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How to Fix Uneven Heating and Cooling in a Two-Story Home
August 24th, 2018
When you go upstairs in the summer, is it easily 10 degrees warmer than the downstairs? You try turning your thermostat down, but now your downstairs starts to freeze! If you have family living on both levels of your home, now you’ve got a battle over the thermostat, and nobody is happy. Somebody is bound to be uncomfortable.
So how do you settle this frozen downstairs or scorching hot upstairs conundrum?
A “zoned system” divides your home into at least two heating/cooling zones, the upstairs and downstairs (if you have a two-story home) so that you can cool and heat them at different temperatures.
There’s two parts to how this system works:
Electronically controlled dampers in your ductwork – These dampers are like valves that open and close to control the flow of your heated and cooled air throughout your home.
Multiple thermostats – There’s a thermostat for each zone so you can control the electronic dampers in your air ducts. So now there’s no more fighting over the thermostat setting!
The other type of zoned HVAC system involves ductless mini-split units, which are a form of ductless heating and cooling. Instead of using dampers, multiple indoor air handlers are installed throughout your home, each with its own thermostat. You can install up to 4 indoor mini-split units for each outdoor heat pump.
You may have seen these small, sleek machines inside of a hotel room. Air is discharged directly into the room, no ducts needed.
Solution 2: Find and Fix Underlying Problems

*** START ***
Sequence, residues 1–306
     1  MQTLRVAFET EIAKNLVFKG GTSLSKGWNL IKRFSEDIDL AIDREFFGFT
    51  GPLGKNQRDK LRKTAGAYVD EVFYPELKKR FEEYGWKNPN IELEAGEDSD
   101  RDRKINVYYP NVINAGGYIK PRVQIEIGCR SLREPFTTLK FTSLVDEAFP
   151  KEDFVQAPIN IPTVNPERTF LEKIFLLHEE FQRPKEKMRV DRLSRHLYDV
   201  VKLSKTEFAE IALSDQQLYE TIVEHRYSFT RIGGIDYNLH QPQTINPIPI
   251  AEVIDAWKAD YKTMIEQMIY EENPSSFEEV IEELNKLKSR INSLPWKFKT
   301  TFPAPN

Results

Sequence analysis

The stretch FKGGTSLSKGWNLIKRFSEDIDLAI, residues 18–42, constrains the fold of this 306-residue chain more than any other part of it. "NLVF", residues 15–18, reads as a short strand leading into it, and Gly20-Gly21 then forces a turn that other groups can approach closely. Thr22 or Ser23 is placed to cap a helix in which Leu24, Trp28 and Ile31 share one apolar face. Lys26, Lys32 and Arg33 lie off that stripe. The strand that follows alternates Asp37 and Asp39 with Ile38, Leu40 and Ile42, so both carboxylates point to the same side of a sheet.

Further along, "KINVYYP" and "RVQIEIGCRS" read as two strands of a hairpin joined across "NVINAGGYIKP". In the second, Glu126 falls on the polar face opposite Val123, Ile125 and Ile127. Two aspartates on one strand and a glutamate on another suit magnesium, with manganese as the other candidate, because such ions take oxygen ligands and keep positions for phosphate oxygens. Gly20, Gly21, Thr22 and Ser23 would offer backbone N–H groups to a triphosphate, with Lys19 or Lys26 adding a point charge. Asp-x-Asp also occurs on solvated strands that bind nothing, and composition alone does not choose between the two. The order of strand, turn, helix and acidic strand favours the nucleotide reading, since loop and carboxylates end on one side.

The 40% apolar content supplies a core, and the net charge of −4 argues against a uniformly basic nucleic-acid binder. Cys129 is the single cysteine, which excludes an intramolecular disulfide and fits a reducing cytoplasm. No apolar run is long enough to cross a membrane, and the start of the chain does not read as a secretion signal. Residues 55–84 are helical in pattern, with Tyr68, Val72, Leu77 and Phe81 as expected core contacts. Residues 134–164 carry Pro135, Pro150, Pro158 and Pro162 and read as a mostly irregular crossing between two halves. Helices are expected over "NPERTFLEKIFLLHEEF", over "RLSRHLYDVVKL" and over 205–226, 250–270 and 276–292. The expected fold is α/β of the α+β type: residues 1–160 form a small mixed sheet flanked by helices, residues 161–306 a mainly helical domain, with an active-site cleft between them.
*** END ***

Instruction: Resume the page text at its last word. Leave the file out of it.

While zoned systems are effective, there may be other reasons your upstairs isn’t cooling correctly.
You should address these underlying problems first before considering a zoned system.
Blocked Soffit Vents – Soffit vents allow outside air to enter your attic at the lowest point of the roof. Insulation or other material may have fallen into the soffit area.
Blocker Supply and Return Vents – Go around your home and make sure you don’t have any drapes, furniture, rugs, or anything else blocking supply and return vents. They should all be open and unobstructed. You may think it’s a good idea to close or block the downstairs vents to cut the amount of cool air it receives, but that’s not a good idea. If you want to redirect the air to a different part of the home, ask your HVAC technician about installing dampers in your ductwork to create HVAC zones (see above).
Turn Fan “On” – Usually, the fan setting is set to “Auto.” This turns on the fan whenever the heating or cooling system is on, but for the rest of the time it is off. When you turn it “On,” the fan will continually circulate air throughout the home. This can help even out temperatures throughout the home. Keep in mind that running the fan will raise your electrical bill, but not by much.
Leaking Air Ducts – If the ducts connected to your second floor are leaking cold air, then of course your upstairs will not be cold. Unfortunately, the average air duct system lose around 20-30% of its conditioned air to cracks and gaps i the ductwork. Learn how to test your air ducts for leaks. Get them sealed by a professional if that’s the case.